Modified adjusted gross income


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Modified Adjusted Gross Income

In the United States, the amount of income used to determine how much of a taxpayer's IRA contributions are tax deductible. One calculates the modified AGI by taking the adjusted gross income and adding back various deductions, notably interest on student loans, foreign income deductions, foreign housing deductions, and higher education costs. Depending on the modified AGI, some or all of one's IRA contributions will not be deductible.

Modified adjusted gross income (MAGI).

Your modified adjusted gross income (MAGI) is your adjusted gross income (AGI) plus deductions, such as college loan interest and contributions to a deductible individual retirement account (IRA), which you may qualify to take if your MAGI is less than the annual ceilings set by Congress.

Other deductions, such as alimony, don't have income limits.

For example, suppose you're single, have a gross income of $51,000, and you're eligible to take a deduction for your IRA contribution of $4,000. Your AGI, when all deductions are taken, turns out to be $45,500. You then add the $4,000 back to find your MAGI of $49,500. Because your MAGI is less than the ceiling for deducting your full IRA contribution for your filing status, you can take the full deduction.

References in periodicals archive ?
Taxpayers with modified adjusted gross incomes of between 100 and 400 percent of the federal poverty guideline may be eligible for the credit.
They file jointly and their modified adjusted gross income is $115,100.
The credit phases out for modified adjusted gross income from $75,000 to $95,000 ($150,000 to $170,000 for a joint return).
Even though the Wilsons' modified adjusted gross income is $17,360, they do not qualify for the earned income credit because their total earned income is not less than $32,121.
While most clients will have one or more of the traditional types of retirement assets -- taxable investments, tax-deferred contribution, or tax-advantaged investments that generate tax-free income like Roth IRAs -- the living benefits of IUL policies may provide a supplemental cash source that can help clients enjoy retirement as intended without the worries of impacting modified adjusted gross income, tax brackets, capital gains or access to government programs.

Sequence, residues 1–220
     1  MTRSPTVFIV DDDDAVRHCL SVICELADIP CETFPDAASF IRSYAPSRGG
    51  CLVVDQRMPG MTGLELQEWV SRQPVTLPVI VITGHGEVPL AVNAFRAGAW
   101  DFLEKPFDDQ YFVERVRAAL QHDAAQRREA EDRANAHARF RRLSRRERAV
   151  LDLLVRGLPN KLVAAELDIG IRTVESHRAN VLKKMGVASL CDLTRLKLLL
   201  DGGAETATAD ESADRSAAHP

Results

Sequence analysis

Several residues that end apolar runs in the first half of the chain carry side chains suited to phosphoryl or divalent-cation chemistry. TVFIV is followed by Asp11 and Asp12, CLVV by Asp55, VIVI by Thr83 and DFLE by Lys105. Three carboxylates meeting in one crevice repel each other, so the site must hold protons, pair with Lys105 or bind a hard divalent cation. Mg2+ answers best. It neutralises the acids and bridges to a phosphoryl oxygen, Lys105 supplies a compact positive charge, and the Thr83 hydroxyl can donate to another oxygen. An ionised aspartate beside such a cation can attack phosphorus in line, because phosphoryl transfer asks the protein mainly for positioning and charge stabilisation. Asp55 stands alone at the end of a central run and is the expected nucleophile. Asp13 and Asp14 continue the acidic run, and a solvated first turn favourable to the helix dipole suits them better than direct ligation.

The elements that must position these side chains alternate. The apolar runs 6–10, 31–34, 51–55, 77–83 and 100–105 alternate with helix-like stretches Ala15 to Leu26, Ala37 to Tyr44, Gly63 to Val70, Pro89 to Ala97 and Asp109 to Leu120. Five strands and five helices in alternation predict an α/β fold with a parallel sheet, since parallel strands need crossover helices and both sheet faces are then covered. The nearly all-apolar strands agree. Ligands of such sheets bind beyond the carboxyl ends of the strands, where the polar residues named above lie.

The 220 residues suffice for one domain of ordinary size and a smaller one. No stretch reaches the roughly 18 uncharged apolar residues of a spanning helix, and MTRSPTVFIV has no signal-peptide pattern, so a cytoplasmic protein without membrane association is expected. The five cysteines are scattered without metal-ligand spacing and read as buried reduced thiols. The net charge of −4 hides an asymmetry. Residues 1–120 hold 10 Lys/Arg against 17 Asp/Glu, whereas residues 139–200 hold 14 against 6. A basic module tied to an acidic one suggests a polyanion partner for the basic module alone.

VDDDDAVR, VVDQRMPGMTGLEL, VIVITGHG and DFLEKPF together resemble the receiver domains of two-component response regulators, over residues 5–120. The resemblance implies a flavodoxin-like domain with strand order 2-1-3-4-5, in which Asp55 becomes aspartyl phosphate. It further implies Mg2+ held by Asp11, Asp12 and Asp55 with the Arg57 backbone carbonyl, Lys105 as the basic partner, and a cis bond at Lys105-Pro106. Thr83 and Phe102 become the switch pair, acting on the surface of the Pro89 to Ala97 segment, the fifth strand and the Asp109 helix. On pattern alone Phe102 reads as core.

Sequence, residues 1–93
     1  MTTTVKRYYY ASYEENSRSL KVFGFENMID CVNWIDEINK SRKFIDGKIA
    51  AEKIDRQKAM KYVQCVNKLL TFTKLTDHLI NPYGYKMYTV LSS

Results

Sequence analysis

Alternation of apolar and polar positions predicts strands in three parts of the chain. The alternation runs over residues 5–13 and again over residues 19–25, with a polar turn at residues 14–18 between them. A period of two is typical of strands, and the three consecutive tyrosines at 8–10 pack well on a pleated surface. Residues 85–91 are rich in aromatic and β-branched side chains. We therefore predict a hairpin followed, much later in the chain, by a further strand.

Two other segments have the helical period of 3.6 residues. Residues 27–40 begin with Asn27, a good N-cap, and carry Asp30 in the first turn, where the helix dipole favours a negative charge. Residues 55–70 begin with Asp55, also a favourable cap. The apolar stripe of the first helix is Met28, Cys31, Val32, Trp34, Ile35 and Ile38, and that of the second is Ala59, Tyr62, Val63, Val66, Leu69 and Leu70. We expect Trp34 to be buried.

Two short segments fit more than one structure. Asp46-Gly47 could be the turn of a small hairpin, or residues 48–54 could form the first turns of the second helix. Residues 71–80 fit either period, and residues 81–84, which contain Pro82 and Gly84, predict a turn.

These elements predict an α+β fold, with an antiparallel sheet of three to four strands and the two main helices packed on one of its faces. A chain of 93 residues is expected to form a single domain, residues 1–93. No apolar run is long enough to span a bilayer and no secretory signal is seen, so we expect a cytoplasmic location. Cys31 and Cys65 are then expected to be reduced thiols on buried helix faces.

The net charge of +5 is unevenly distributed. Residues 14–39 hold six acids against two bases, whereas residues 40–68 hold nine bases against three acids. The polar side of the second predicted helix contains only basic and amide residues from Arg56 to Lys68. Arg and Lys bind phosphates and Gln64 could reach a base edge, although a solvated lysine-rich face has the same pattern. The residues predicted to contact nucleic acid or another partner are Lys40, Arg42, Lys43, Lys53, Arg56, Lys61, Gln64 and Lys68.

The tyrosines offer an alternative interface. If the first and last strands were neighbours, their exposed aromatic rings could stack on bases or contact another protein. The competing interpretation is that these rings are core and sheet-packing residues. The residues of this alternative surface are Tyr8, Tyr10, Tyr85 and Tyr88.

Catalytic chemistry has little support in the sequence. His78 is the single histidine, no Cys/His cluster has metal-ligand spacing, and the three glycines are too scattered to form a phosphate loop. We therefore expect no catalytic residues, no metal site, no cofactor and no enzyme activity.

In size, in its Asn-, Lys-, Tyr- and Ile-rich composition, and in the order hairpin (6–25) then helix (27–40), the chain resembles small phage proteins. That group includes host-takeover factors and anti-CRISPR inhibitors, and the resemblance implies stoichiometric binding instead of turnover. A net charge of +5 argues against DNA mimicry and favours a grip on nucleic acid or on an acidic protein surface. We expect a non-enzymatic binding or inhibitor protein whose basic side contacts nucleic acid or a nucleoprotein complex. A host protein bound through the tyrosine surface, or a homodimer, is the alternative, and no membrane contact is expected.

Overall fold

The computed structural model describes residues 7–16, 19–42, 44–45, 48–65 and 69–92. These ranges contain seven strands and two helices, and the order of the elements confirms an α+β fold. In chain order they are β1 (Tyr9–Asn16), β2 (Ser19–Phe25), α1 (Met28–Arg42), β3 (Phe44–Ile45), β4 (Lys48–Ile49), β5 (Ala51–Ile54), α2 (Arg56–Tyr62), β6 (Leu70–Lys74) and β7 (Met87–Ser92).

In other words, taxpayers are subject to the tax on all of their investment income only if their modified adjusted gross income exceeds the applicable amount by at least the amount of their net investment income.
The phase out for the Child Tax Credit begins at a modified adjusted gross income (32) for joint filers at $110,000, single filers and head of household at $75,000, and $55,000 for married filing separately.
The full credit is available to individuals whose modified adjusted gross income is $80,000 or less or $160,000 for married taxpayers.
A single person or head of household qualifies for the maximum Roth IRA contribution when 2010 modified adjusted gross income is $105,000 or less.
A Roth IRA offers the following potential advantages: (1) distributions are not required at age 70 1/2; (2) contributions may continue after reaching age 70 1/2; (3) phaseout limits are higher than those for deductible contributions to a Traditional IRA; and (4) tax-free retirement distributions will not push modified adjusted gross income above the threshold that triggers taxation of Social Security benefits (page 435).
The tax credit amount is phased out for buyers with higher modified adjusted gross income and zeroes out at $95,000 (single) or $170,000 (married).
The credit will continue to be phased out for high-income taxpayers when modified adjusted gross income exceeds $75,000 for single tax payers and $110,000 for married taxpayers filing a joint return.

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